Players and fans are not the only ones who will experience something new in the Meadowlands when the Super Bowl is held for the first time in an open stadium in a cold-weather region. Party planners will also be performing feats of endurance as they attempt to work their magic amid the traffic and crowds of New York.
Organizers of perennials like DirecTV's Celebrity Beach Bowl and the Maxim Super Bowl Party say they started their preparations at least six months earlier than usual, partly to deal with logistical challenges unique to the city. But placing the biggest marketing event of the year in the media and advertising capital has also raised the bar for performance -- while offering the chance of a windfall in publicity and sponsorship dollars.
"Nothing is bigger than New York," said Ben Madden, president of Maxim, the once-mighty young men's magazine that garners significant ad revenue from its signature annual event. "We'll have to take it up to another level in terms of the kind of party we throw."
Adding to the pressure is competition from Manhattan's formidable nightlife scene, as well as the presence of so many top advertising and marketing executives, who will be able to check out firsthand how their dollars are being spent.
New York is also the capital of high rollers; having the National Football League championship game on their turf means a bigger crowd looking to get past the velvet ropes. As a result, Mr. Madden expects there to be more events during the week leading up to Sunday's game -- rather than just the traditional Friday- and Saturday-night spectaculars -- and more postgame parties.
At the same time, organizers have to adapt events designed for the likes of Florida and Texas to the densest urban environment in the country. DirecTV, for instance, needed a location that could hold an 88,000-square-foot tent, be accessible to trucks bringing in 1 million pounds of sand and be convenient for celebrities taking part in Beach Bowl or Super Saturday Night, when the tent turns into a nightclub.
The satellite-TV giant chose Pier 40 on the Hudson River, where VIPs will be brought by yacht, and materials trucked in between midnight and 6 a.m. The Los Angeles-based company, which headquarters its advertising and marketing muscle in New York, will give the tent a 10-foot firewall made from steel beams covered with fire-retardant plywood and rendered by an artist to resemble the Manhattan skyline.
"We've got a waiting list for sponsors that's the longest we've had by far," said Paul Guyardo, chief revenue and marketing officer at DirecTV, which launched Beach Bowl in 2007 and added its nighttime gala in 2011.
Other businesses in New York should also do well. A study commissioned by East Rutherford's New Meadowlands (now MetLife) Stadium in 2010 as part of its Super Bowl bid estimated that holding the big game here would provide a boost of between $500 million and $600 million to the region.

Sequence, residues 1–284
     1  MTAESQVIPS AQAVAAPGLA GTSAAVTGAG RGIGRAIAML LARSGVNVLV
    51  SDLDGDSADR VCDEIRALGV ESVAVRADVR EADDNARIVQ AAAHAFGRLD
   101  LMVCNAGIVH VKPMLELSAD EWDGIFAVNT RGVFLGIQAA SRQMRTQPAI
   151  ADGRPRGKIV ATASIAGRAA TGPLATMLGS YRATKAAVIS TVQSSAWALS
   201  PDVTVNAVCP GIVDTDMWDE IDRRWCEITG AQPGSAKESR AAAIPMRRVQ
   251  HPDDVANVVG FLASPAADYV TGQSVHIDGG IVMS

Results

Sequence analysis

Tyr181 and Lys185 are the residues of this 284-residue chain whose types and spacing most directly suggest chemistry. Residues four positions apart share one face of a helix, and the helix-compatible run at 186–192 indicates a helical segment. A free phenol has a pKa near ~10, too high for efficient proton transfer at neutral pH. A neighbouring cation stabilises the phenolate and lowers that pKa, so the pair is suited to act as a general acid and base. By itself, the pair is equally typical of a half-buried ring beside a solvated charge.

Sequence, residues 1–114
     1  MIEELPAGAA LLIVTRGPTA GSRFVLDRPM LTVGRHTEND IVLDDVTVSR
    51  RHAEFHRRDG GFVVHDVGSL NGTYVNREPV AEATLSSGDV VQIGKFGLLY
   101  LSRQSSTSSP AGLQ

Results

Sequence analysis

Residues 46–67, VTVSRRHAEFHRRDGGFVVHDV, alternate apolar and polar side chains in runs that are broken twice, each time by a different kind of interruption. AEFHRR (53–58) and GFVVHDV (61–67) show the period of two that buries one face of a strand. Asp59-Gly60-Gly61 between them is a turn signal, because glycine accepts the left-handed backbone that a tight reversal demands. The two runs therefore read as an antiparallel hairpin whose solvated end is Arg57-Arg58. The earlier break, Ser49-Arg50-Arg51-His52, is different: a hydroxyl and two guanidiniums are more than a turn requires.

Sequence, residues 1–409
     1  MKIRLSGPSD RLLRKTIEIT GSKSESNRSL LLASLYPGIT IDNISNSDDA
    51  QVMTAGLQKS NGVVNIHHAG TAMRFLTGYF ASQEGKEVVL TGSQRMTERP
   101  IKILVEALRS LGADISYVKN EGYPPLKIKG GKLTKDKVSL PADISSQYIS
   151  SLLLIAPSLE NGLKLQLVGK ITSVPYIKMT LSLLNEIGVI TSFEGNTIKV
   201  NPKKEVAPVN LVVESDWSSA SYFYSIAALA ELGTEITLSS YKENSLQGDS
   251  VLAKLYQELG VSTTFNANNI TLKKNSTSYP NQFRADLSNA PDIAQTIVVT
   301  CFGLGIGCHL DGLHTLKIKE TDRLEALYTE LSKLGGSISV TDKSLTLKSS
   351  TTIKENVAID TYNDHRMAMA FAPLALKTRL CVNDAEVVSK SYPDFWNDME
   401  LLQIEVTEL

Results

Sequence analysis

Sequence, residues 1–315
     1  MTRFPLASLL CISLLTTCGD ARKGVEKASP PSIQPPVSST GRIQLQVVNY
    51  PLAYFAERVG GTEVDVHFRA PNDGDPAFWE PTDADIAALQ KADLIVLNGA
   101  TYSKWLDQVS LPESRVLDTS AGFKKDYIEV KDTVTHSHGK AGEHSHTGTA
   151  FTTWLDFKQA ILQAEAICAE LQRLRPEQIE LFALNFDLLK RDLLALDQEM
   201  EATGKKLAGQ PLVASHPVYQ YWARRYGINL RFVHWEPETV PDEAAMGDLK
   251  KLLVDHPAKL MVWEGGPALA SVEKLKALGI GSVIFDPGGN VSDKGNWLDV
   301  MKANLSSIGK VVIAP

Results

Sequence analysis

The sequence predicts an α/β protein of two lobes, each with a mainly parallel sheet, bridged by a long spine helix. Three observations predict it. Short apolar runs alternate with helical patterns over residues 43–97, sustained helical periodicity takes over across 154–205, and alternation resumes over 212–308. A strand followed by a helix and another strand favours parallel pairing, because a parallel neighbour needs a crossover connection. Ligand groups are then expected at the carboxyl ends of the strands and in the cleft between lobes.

But some economists warn that the benefits for the local economy may be smaller than advertised.
"There's no doubt that hotels will be full and they'll be raising rates two to three times regular prices, but they won't be raising wages," noted Victor Matheson, a professor of economics of the College of the Holy Cross in Worcester, Mass., who has written on the impact of sporting events on host cities. That money "goes back to corporate headquarters, wherever that is, and to shareholders spread around the world."
He added that other spending gets crowded out -- that is, locals who spend money on Super Bowl events won't be buying theater tickets, for example. Still, Mr. Matheson expects gains for the likes of caterers and limo drivers. And there may be many, less directly measurable benefits.
"You're going to have a lot of people extend their trip and conduct additional business with clients," said David Carter, a principal at consulting firm Sports Business Group. "The Super Bowl provides a backdrop to business development."
For ESPN the Magazine, which hosts a yearly gala tied to its annual "Next" issue, 2014 will be a chance to integrate online and TV advertising into the party sponsorships for the first time.
'Move the needle'
"Our goal is to move the needle more toward multimedia, and since we're in New York we'll have an opportunity to do that," said Lauren Robinson, event marketing manager at ESPN, which will mark 10 years of Super Bowl parties with its 2014 event. "Because a lot of our advertising agencies are based in New York, we can bring a print rep and a digital rep to a meeting and really start that conversation."
Despite all the advantages of New York, organizers still must contend with the weather. Fox Sports, which will be producing the Super Bowl telecast, is designing sets for Times Square that can open to the outdoors on a balmy day but stay closed and heated against the cold, according to Coordinating Producer David Neal. (The company will be promoting the big game and new ESPN competitor Fox Sports 1 with a week of Super Bowl-intensive programming.)
And the NFL will celebrate winter with a "Super Bowl Boulevard" running up Broadway that includes a 58-foot-high, 180-foot-long toboggan run.
"We hope to do something never done before at this size and scope," said Mary Pat Augenthaler, the NFL's VP-events.
Matthew Flamm is a reporter for Crain's New York Business.